In the UK, Black men are over-represented at the coercive end of the mental health system but under-represented in terms of seeking help voluntarily. This situation reflects longstanding inequalities that arise from multiple sources. Among these are the conceptions of well-being and help seeking that would enable Black men to access appropriate help at an early stage, and the ways in which mental health service providers could adapt practice to meet the needs of Black clients.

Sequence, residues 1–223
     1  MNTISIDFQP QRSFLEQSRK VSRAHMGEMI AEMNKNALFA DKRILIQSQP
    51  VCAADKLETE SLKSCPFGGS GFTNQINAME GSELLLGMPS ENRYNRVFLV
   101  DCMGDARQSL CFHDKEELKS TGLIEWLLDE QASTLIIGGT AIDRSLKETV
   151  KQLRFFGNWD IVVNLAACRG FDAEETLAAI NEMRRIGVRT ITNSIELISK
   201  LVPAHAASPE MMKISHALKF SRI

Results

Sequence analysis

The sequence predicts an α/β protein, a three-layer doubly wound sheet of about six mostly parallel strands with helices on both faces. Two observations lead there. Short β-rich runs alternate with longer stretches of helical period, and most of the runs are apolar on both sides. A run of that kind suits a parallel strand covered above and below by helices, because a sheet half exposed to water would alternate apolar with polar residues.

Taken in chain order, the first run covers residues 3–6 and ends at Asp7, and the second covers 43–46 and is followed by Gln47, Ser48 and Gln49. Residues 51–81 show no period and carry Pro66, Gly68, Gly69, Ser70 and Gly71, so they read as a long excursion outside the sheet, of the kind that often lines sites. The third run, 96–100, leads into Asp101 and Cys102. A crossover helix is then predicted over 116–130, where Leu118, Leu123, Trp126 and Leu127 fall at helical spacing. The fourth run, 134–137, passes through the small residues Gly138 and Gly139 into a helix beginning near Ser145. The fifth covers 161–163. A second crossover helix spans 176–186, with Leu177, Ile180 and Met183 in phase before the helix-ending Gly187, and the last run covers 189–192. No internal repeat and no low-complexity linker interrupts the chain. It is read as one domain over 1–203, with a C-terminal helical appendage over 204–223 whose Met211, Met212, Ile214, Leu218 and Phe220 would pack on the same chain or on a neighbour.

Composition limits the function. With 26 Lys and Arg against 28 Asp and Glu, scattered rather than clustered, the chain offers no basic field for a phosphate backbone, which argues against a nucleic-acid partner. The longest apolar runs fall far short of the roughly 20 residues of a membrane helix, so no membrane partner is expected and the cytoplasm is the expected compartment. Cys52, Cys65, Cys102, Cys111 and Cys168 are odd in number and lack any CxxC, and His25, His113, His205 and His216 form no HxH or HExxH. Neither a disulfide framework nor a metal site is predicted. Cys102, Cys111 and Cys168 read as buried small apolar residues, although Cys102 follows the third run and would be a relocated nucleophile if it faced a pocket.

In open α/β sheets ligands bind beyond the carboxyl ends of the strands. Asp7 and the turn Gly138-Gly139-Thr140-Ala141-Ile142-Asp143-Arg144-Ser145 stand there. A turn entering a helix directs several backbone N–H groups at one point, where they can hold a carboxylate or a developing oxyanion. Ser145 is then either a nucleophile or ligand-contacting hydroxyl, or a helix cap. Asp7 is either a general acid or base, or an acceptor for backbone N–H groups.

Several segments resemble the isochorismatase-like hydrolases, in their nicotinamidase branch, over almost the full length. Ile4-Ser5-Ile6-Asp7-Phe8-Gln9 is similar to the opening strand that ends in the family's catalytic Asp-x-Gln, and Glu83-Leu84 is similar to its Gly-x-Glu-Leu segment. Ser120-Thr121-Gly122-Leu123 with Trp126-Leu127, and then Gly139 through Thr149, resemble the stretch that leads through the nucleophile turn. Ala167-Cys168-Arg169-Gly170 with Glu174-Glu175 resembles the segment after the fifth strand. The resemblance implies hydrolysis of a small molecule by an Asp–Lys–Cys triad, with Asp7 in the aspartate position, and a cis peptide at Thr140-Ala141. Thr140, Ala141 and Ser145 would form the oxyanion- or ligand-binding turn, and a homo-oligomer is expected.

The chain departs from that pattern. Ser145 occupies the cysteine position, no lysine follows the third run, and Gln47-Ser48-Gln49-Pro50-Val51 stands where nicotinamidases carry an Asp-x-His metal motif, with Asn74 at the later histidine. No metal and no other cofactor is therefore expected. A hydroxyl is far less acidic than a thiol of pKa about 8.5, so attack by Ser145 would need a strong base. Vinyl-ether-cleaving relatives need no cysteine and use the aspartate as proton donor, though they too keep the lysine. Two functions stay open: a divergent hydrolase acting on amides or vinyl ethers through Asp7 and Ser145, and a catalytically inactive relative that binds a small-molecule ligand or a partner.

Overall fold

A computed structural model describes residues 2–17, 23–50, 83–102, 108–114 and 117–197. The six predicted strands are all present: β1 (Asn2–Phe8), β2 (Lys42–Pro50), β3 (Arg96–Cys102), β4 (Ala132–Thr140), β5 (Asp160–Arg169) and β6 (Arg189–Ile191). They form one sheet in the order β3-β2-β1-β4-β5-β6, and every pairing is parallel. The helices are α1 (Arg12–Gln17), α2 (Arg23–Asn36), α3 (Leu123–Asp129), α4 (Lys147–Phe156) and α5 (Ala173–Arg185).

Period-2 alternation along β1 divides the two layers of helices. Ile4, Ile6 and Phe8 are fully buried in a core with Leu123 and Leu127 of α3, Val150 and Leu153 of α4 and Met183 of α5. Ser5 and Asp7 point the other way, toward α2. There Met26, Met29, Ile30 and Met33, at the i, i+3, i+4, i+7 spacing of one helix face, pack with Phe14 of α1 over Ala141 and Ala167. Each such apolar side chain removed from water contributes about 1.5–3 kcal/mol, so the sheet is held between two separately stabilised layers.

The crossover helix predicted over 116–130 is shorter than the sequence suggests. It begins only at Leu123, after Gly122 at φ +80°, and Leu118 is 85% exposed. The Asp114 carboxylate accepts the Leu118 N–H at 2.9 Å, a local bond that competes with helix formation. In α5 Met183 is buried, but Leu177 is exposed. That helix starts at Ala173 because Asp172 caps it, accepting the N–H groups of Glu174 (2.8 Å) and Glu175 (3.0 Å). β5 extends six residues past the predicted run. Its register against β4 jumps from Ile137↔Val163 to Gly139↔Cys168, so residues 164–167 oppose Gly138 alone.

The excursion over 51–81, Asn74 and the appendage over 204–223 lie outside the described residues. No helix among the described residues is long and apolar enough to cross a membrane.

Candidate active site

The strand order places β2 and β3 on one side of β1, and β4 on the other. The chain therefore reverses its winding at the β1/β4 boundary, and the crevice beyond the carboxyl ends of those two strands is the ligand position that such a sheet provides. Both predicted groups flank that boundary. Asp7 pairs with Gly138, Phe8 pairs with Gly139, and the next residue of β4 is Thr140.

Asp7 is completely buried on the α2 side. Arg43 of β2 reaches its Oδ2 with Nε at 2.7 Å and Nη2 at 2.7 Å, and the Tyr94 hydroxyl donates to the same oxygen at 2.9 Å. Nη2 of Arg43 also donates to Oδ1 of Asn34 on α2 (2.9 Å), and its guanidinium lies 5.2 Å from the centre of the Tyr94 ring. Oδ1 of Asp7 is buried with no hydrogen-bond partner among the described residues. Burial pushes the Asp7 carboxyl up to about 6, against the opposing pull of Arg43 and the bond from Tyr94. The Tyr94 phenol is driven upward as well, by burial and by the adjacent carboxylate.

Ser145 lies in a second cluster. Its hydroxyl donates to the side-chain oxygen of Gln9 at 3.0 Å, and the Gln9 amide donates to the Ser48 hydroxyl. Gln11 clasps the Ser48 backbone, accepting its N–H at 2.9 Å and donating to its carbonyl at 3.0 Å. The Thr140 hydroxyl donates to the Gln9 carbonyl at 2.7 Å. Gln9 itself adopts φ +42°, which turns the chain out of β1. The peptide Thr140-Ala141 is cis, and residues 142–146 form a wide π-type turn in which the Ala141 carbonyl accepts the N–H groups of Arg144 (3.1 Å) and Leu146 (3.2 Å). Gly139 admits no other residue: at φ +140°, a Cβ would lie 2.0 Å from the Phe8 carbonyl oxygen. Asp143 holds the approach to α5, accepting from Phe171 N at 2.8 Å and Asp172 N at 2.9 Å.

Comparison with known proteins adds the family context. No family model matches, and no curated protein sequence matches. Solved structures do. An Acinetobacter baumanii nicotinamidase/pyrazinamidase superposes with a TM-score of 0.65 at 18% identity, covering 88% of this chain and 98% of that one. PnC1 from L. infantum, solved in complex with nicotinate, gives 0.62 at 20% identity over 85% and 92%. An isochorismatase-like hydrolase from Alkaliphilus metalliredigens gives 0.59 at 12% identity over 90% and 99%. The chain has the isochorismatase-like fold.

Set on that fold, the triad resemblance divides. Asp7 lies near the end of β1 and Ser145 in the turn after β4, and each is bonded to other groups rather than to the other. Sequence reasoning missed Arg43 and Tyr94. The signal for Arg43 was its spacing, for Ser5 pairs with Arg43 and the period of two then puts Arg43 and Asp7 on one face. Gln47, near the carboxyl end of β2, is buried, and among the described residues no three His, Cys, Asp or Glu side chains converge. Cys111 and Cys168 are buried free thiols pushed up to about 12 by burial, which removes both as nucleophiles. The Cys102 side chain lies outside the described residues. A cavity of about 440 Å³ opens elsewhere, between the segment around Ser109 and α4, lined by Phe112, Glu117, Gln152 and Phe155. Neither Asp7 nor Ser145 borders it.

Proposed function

The objectives of this study were to investigate the discourses that Black men draw upon in talking about themselves and their psychological well-being and in seeking help for psychological distress. Nine Black men were recruited via community centres in London, were interviewed, and the transcripts were analysed using Foucauldian discourse analysis. Four discourses were identified, namely oppression and discrimination, Black masculinity, communities and professional systems. These discourses demonstrate the ways in which Black men are discouraged from seeking help for psychological distress. The findings have implications for policy, service delivery, clinical practice and research.